Twin Peaks: Fire Walk with Me

Twin Peaks: Fire Walk with Me

Revisited this, a film that makes me immensely sad, but in the most exquisite way, for The Ringer

Every close-up of Laura’s terrified face, enlarged to the point of bursting out of the frame, is a throwback to Teresa Banks, whose dead face we see in close-up early on, so deliberately and clinically framed that the head of her corpse has a way of appearing to be severed from her body.

This is the same face Sheryl, as Laura, makes early in her segment of the film. In one remarkable scene, Donna asks, “Do you think that if you were falling in space, that you would slow down after a while or go faster and faster?” “Faster and faster,” Laura says, and the image slowly creeps in on her face. Her gaze goes to a far-off place. Her mouth hangs open between each phrase. “And for a long time you wouldn’t feel anything. But then you’d burst into fire — forever. And the angels wouldn’t help you, because they’ve all gone away.” By the end, her head is severed, in the frame, from the rest of her body. She makes a variation of this face again and again — in conflicts with her father, who, as students of the show already know, is her childhood rapist and eventual murderer.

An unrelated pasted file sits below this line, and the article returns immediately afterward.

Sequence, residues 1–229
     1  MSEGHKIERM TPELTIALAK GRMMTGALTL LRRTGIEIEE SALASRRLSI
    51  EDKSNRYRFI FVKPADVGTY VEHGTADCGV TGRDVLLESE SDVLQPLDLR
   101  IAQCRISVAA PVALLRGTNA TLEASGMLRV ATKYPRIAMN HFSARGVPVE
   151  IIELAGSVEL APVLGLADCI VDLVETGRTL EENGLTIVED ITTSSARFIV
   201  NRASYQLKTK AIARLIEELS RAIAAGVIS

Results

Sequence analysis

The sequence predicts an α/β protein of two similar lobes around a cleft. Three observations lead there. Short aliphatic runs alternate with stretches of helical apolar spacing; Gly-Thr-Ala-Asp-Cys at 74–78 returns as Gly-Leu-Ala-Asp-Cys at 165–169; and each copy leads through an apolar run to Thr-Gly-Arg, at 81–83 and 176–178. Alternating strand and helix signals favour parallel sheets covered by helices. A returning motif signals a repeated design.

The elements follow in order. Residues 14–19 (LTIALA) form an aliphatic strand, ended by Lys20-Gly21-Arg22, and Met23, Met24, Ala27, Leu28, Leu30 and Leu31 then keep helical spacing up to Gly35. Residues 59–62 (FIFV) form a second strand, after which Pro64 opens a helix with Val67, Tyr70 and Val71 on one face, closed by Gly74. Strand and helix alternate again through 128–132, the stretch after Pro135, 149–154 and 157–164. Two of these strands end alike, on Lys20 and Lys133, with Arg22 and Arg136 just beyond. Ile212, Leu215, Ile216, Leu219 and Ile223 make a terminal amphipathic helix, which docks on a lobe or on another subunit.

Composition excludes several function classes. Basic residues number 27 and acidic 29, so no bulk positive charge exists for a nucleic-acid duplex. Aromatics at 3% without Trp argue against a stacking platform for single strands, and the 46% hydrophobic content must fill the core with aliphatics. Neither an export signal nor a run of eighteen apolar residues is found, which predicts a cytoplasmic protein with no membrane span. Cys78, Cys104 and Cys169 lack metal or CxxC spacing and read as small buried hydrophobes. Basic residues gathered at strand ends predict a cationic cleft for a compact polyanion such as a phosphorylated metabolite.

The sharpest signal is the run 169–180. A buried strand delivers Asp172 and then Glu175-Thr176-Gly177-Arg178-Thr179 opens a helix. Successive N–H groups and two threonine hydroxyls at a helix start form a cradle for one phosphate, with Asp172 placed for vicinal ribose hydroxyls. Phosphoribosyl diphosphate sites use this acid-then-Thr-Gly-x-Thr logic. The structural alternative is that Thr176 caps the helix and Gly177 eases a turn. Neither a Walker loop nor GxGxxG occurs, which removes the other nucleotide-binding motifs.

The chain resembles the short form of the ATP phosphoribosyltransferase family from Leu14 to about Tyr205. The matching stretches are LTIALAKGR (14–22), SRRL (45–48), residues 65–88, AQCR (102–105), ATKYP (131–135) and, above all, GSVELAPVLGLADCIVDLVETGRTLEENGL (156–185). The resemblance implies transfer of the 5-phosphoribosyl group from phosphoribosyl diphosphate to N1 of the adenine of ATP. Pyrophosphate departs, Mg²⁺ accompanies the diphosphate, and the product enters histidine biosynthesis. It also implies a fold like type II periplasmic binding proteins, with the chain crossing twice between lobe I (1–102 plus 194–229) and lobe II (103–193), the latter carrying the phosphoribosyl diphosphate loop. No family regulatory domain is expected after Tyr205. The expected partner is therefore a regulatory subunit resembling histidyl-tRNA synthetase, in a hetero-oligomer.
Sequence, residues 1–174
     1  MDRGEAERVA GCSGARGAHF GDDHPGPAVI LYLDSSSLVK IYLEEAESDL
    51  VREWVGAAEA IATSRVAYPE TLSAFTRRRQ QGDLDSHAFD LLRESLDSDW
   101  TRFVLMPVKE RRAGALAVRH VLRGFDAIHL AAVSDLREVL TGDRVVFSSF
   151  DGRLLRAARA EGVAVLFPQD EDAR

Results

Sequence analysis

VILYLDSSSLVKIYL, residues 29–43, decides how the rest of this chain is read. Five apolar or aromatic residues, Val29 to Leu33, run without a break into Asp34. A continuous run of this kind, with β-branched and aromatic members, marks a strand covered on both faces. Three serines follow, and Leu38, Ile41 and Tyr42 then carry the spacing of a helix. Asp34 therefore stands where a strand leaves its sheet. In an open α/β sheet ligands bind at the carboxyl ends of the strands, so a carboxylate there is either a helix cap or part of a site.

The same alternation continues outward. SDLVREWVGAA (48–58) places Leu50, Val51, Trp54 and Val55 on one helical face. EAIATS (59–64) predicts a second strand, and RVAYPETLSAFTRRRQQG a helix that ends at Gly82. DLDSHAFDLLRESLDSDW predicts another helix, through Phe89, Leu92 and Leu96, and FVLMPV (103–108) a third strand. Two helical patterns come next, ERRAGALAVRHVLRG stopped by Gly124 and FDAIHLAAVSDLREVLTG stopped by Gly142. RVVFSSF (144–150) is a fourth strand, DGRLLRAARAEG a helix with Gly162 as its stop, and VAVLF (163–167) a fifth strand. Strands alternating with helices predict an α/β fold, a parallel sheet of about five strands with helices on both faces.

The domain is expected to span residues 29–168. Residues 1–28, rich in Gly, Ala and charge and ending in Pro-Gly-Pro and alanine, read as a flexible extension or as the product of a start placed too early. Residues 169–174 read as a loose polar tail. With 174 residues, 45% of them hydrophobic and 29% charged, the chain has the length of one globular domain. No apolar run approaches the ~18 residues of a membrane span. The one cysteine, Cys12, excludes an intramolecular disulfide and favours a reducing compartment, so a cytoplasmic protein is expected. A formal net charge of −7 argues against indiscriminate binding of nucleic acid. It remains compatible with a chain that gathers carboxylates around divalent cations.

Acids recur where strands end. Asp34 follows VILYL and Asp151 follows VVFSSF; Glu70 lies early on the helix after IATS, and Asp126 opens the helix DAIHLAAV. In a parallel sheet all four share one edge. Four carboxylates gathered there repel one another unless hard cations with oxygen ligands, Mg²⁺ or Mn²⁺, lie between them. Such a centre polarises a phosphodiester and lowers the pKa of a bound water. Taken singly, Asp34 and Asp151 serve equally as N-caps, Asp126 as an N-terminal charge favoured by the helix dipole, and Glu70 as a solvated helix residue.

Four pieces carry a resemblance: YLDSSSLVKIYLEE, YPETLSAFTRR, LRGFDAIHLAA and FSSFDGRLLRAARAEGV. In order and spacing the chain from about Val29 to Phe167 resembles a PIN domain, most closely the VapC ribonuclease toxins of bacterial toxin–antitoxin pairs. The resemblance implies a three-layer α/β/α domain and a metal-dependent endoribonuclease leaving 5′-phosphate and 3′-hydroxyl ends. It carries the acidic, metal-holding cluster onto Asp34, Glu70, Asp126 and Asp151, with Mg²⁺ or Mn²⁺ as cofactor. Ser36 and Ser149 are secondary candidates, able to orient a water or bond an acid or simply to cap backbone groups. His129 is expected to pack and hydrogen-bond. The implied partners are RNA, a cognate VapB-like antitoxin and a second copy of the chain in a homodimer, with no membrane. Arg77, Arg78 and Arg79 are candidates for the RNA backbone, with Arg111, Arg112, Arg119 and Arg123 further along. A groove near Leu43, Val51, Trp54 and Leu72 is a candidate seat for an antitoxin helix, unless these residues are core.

We already know Laura will die, and know how, and even sort of know why, but these constant suggestions of Laura’s impending dead body have a way of steeping the movie in a sense of foreboding, to the point that even Laura seems to feel it’s an inevitability.

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